Women’s Day became established on 8 March...

The Art Nouveau era was also the times of the birth of the modern feminist movement. In 1910, Clara Zetkin, of the German Social Democratic Party, proposed the creation of an International Women's Day: every year in every country there should be a celebration on the same day to press for the demands of women. In the following years, a Women’s Day was held in many European countries, most of them in March. In 1914, however, it was held simultaneously on 8th March (possibly because it was Sunday) in hundreds of cities in Europe: large rallies for voting rights were held in the German and in the Austro-Hungarian empires; in London, Sylvia Pankhurst was arrested as she led a demonstration to Trafalgar Square. From then on, Women’s Day became established on 8 March.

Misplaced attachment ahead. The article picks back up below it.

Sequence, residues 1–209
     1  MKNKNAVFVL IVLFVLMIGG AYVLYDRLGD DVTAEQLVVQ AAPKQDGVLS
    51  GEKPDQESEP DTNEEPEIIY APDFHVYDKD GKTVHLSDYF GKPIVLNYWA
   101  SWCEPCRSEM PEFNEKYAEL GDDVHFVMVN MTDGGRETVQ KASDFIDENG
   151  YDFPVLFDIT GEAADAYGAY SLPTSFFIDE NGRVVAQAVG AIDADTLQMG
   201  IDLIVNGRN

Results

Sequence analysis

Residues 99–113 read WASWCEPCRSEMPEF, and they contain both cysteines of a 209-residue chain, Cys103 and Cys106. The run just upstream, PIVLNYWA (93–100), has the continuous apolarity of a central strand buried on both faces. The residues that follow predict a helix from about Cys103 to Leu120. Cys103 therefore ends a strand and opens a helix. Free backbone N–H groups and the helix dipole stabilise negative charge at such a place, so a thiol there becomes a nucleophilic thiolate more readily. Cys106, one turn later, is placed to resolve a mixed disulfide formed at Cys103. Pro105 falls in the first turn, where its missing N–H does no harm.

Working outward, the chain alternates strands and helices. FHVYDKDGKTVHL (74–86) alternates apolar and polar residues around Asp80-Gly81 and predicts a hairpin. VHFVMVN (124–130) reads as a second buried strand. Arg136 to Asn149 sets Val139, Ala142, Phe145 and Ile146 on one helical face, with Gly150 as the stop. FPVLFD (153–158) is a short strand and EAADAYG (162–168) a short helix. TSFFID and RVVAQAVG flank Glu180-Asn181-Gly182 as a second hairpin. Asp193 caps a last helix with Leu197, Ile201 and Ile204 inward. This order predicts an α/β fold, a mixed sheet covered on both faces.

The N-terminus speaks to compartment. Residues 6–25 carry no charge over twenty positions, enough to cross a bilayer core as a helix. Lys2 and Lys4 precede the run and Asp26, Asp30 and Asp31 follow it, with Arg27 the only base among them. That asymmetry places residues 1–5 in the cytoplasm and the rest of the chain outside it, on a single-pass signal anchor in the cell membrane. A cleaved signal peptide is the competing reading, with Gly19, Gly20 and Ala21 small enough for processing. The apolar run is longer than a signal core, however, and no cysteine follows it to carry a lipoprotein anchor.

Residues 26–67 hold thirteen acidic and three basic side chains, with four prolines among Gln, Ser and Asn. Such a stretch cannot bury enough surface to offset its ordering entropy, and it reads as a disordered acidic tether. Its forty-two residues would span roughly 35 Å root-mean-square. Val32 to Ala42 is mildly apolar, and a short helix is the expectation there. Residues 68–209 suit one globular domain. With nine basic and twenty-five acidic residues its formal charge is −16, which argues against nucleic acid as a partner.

All across the Western world, the late 19th and early 20th centuries saw the rise of exceptional women who devoted their lives to advancing the rights of women and to end the injustice of sexual discrimination 

Arreu del món occidental, les darreries del segle XIX i inicis del XX van veure sorgir dones excepcionals que van dedicar les seves vides a fer avançar els drets de les dones i acabar amb la injustícia de la discriminació sexual

Signe Bergman, swedish suffragist leader, c. 1910

Signe Bergman, líder sufragista sueca, c. 1910

Catherine Helen Spence was the first women to stand for office in Australia in 1897

Catehrine Helen Spence, la primera dona a presentar-se en unes eleccions a Austràlia, el 1897

Wilhelmina Drucker led the successful struggle for women's vote in the Netherlands

Wilhelmina Drucker va dirigir la lluita reeixida per aconseguir el vot de les dones al Països Baixos

Emmeline Pankhurst speaking in New York in 1913

Emmeline Pankhurst parlant a Nova York el 1913


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